Copyright ©The Author(s) 2022. Published by Baishideng Publishing Group Inc. All rights reserved.
World J Gastroenterol. May 28, 2022; 28(20): 2176-2183
Published online May 28, 2022. doi: 10.3748/wjg.v28.i20.2176
Radiomics for the detection of microvascular invasion in hepatocellular carcinoma
Kun Lv, Xin Cao, Peng Du, Jun-Yan Fu, Dao-Ying Geng, Jun Zhang
Kun Lv, Xin Cao, Peng Du, Jun-Yan Fu, Dao-Ying Geng, Jun Zhang, Department of Radiology, Huashan Hospital, Fudan University, Shanghai 200040, China
Xin Cao, Dao-Ying Geng, Jun Zhang, Institute of Functional and Molecular Medical Imaging, Fudan University, Shanghai 200040, China
Xin Cao, Dao-Ying Geng, Jun Zhang, Center for Shanghai Intelligent Imaging for Critical Brain Diseases Engineering and Technology Research, Science and Technology Commission of Shanghai Municipality, Shanghai 200040, China
Xin Cao, Dao-Ying Geng, Jun Zhang, Institute of Intelligent Imaging Phenomics, International Human Phenome Institutes (Shanghai), Shanghai 200040, China
Author contributions: All authors contributed to this paper; Geng DY and Zhang J designed the outline for the review; Lv K wrote the review; Cao X, Du P, and Fu JY offered assistance for correct the syntax errors of the paper; Zhang J and Lv K revised and edited the final version.
Supported by the Shanghai Municipal Commission of Science and Technology, No. 19411951200; Clinical Research Plan of SHDC, No. SHDC2020CR3020A; and the Research Startup Fund of Huashan Hospital Fudan University, No. 2021QD035.
Conflict-of-interest statement: There is no conflict of interest associated with any of the senior author or other coauthors contributed their efforts in this manuscript.
Open-Access: This article is an open-access article that was selected by an in-house editor and fully peer-reviewed by external reviewers. It is distributed in accordance with the Creative Commons Attribution NonCommercial (CC BY-NC 4.0) license, which permits others to distribute, remix, adapt, build upon this work non-commercially, and license their derivative works on different terms, provided the original work is properly cited and the use is non-commercial. See:
Corresponding author: Dao-Ying Geng, MD, PhD, Dean, Doctor, Department of Radiology, Huashan Hospital, Fudan University, No. 12 Wulumuqi Road (Middle), Shanghai 200040, China.
Received: November 16, 2021
Peer-review started: November 16, 2021
First decision: December 26, 2021
Revised: January 9, 2022
Accepted: April 22, 2022
Article in press: April 22, 2022
Published online: May 28, 2022

Hepatocellular carcinoma (HCC) is the most common primary liver cancer, accounting for about 90% of liver cancer cases. It is currently the fifth most common cancer in the world and the third leading cause of cancer-related mortality. Moreover, recurrence of HCC is common. Microvascular invasion (MVI) is a major factor associated with recurrence in postoperative HCC. It is difficult to evaluate MVI using traditional imaging modalities. Currently, MVI is assessed primarily through pathological and immunohistochemical analyses of postoperative tissue samples. Needle biopsy is the primary method used to confirm MVI diagnosis before surgery. As the puncture specimens represent just a small part of the tumor, and given the heterogeneity of HCC, biopsy samples may yield false-negative results. Radiomics, an emerging, powerful, and non-invasive tool based on various imaging modalities, such as computed tomography, magnetic resonance imaging, ultrasound, and positron emission tomography, can predict the HCC-MVI status preoperatively by delineating the tumor and/or the regions at a certain distance from the surface of the tumor to extract the image features. Although positive results have been reported for radiomics, its drawbacks have limited its clinical translation. This article reviews the application of radiomics, based on various imaging modalities, in preoperative evaluation of HCC-MVI and explores future research directions that facilitate its clinical translation.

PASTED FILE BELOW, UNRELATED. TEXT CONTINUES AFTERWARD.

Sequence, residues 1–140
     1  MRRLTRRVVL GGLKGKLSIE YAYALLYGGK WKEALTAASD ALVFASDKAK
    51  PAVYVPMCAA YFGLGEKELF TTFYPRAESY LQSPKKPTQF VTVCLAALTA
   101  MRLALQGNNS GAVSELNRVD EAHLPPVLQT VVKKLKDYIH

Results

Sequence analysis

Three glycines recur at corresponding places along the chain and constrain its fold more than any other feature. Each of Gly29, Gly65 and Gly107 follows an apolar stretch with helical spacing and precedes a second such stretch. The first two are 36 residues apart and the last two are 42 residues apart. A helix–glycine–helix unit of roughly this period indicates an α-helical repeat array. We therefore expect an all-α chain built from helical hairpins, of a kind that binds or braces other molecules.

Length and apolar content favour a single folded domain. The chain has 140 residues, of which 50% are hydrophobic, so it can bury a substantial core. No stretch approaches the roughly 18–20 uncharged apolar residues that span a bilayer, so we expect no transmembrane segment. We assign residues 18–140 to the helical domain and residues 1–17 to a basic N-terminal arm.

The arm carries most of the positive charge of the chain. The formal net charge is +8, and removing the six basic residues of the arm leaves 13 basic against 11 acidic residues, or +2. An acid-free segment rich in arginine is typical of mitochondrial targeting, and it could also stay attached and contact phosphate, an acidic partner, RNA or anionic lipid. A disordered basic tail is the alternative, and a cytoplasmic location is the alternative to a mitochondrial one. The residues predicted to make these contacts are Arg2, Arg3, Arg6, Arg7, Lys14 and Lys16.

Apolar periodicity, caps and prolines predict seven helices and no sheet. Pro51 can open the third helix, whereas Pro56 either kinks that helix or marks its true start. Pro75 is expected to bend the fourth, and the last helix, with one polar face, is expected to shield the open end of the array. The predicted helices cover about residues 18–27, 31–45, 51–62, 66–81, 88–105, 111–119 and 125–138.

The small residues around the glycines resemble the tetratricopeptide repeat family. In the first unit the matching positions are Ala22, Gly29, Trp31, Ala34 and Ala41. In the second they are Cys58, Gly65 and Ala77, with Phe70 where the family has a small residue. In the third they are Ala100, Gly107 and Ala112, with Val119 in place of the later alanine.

Keywords: Microvascular invasion, Hepatocellular carcinoma, Radiomics, Texture analysis, Diagnostic imaging, Liver

Core Tip: Hepatocellular carcinoma-microvascular invasion (HCC-MVI) is closely related to the prognosis of patients, so accurate and individualized prediction of MVI status before treatment is very important. Radiomics is a non-invasive method for predicting HCC-MVI status preoperatively. The standardization of relevant implementation processes of radiomics, such as the delineation of the region of interest, the improvement of algorithms, and the combination of liver imaging reporting and data system, will all contribute to the accurate prediction of MVI. In addition, the introduction of the biological significance of the disease can make up for the shortcomings of the clinical transformation of radiomics to a certain extent.